A group of local residents touring Israel is safe but shaken after hearing explosions and warning sirens as Israel clashes with neighboring Palestinians.
The group was three days into an 11-day tour of Israel organized by Rabbi Larry Kaplan of Temple Israel, Wilkes-Barre and the Rev. Robert Zanicky of First Presbyterian Church, Wilkes-Barre, when Israel launched an air campaign against Hamas targets in Gaza on Wednesday.
The airstrikes continued on Thursday and on Friday Palestinian militants retaliated with rocket attacks on Jerusalem, where the group was touring at the time.
Zanicky sent an email to parish members Friday saying the group was safe.
The sirens sounding as we were walking to the Great Synagogue for Sabbath services was unnerving, he wrote. After hearing explosions in the distance, we thought it wise to return to the hotel.
Zanicky went on to write they had canceled plans to visit Jerusalem's holy sites today in favor of traveling to the Dead Sea and the ancient fortress of Masada, well outside Jerusalem.
Hopefully, we will visit our sacred sights on Sunday, Zanicky wrote. What stories I have for you upon our return!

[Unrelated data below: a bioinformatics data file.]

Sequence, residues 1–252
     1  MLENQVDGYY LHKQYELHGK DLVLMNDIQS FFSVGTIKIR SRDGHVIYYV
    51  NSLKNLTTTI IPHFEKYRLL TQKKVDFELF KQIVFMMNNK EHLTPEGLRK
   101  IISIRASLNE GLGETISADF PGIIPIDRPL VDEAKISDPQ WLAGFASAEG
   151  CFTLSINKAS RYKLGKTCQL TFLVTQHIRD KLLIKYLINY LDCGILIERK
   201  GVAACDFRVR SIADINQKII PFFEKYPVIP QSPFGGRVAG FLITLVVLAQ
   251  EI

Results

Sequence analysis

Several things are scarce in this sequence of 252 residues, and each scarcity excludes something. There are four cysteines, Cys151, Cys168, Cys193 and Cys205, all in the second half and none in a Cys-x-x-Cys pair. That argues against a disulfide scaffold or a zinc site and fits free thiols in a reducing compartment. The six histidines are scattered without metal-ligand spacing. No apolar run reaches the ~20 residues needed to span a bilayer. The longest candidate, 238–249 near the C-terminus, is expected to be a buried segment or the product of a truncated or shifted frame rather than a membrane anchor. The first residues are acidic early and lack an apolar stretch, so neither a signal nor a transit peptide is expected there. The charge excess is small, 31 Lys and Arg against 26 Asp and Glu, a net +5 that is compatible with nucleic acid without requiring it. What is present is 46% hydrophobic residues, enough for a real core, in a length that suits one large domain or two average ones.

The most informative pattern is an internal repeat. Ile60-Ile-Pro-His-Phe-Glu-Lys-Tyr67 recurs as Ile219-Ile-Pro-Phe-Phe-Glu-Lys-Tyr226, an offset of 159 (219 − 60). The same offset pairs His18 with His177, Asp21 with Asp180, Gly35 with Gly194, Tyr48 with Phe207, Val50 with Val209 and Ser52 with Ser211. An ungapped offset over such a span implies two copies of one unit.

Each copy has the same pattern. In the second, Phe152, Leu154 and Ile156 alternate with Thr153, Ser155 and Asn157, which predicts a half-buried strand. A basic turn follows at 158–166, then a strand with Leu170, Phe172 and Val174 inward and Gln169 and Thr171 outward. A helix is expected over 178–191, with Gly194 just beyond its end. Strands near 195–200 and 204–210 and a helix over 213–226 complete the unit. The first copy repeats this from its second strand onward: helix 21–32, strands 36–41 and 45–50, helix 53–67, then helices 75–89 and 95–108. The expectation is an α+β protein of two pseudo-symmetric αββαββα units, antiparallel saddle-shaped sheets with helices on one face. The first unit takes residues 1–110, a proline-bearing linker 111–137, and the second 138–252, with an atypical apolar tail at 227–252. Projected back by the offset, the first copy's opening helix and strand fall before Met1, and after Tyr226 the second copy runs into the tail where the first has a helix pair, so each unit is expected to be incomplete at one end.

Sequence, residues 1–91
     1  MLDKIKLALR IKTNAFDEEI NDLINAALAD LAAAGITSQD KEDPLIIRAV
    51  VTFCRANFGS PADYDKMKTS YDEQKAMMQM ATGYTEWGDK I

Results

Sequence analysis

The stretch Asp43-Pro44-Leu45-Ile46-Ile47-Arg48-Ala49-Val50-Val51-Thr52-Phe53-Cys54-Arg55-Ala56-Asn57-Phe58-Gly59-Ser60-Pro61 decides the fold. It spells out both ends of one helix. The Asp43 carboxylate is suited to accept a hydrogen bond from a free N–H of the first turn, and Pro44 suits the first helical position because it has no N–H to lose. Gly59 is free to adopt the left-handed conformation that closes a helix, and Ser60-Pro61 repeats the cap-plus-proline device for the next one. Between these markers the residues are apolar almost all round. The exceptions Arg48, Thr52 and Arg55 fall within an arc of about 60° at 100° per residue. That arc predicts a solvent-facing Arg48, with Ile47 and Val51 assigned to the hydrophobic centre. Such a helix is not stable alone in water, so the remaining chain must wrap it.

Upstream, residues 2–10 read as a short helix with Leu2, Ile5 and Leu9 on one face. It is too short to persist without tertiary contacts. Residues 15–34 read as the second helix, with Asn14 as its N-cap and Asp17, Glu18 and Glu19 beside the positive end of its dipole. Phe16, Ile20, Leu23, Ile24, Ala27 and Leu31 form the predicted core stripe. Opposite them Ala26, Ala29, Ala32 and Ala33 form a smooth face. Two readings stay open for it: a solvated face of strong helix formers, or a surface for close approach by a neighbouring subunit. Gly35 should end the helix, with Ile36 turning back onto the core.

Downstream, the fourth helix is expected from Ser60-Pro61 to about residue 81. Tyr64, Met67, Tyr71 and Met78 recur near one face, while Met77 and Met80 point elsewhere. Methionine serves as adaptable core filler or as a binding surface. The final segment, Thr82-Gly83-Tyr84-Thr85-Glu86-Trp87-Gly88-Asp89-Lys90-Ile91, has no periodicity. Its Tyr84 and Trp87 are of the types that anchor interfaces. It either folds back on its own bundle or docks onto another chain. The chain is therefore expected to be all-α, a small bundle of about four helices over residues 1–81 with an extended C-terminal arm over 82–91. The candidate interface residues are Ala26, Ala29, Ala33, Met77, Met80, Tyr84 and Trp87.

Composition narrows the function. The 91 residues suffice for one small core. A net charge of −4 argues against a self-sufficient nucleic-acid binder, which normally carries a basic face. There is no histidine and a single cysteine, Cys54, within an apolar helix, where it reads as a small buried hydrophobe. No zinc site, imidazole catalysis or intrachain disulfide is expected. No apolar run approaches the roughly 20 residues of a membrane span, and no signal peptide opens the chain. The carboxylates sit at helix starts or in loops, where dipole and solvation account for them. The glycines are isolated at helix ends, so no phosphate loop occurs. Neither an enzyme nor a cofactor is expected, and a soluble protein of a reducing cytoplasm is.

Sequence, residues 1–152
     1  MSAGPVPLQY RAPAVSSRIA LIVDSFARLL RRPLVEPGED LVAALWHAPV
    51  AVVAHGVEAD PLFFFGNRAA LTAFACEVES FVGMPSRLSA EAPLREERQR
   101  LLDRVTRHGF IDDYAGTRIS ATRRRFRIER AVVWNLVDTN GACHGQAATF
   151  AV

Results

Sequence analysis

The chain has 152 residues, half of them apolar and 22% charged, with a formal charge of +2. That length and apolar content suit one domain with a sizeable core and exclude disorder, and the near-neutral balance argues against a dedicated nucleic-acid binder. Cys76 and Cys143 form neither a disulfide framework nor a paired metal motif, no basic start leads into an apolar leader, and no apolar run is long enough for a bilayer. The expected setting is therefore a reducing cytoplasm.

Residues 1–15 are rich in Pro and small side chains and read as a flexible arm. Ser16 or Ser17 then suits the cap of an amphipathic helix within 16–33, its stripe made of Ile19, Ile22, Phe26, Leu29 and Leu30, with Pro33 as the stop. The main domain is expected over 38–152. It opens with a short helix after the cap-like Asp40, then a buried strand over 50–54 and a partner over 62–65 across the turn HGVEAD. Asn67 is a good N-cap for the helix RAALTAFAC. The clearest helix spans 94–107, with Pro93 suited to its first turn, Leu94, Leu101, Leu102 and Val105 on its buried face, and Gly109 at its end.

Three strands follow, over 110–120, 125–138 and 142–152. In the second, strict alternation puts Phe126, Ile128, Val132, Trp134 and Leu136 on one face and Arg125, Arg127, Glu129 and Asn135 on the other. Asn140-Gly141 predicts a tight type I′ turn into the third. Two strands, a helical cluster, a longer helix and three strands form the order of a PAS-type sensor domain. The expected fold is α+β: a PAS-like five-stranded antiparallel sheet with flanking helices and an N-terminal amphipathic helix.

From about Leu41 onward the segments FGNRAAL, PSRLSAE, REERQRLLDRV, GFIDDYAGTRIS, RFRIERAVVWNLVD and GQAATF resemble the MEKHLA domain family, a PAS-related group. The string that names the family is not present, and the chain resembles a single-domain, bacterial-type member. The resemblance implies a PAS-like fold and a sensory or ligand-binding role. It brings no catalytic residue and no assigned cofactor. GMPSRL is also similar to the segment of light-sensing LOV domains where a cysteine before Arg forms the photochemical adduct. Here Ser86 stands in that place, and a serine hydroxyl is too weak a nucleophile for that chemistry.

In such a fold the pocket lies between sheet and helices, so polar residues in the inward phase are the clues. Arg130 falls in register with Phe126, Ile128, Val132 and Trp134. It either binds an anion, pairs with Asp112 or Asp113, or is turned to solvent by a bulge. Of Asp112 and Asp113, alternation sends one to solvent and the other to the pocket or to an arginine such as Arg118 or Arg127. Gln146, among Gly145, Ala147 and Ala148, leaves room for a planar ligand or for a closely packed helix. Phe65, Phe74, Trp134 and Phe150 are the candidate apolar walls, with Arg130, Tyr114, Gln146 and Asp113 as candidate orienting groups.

Michele Makarewicz of Shavertown is one of those on the tour. Her daughter, Alex O'Connell of Forty Fort, said she has spoken with her mother several times since she arrived in Israel, including on Friday morning.
The group was rattled after there was an explosion in Jerusalem several blocks away from where they were standing in line outside a temple on Friday, according to O'Connell.
O'Connell said her mother and other guests were informed by their hotel of a bomb shelter in the basement where they should seek refuge if air raid sirens sound.
O'Connell said her mother is optimistic about the rest of her trip.
She sounded a little reserved but I think the purpose of the trip was very spiritual in nature for her, she said. So she didn't sound like she was going to let it damper her spirits. She was there for a spiritual journey; she's pretty determined to stick to that… She understands that we were nervous but she didn't seem all that upset.
O'Connell said the situation has been more trying for her.
It's strange to see things on the news and interpret them in your own situation, she said. I just don't feel like turning on the news.
The group arrived in Tel Aviv Nov. 10 and is scheduled to stay until Nov. 21.
Vivien G. Terzaghi, office manager for First Presbyterian Church, said she has received emails from Zanicky and Kaplan and received no indication they would cut the trip short.
She said she was forwarded an email from Kaplan earlier in the trip in which the rabbi he said the group was then safe in northern Israel, away from unfortunate events.
Kaplan said the group had no plans to go to the southern part of the country near Gaza, according to Terzaghi.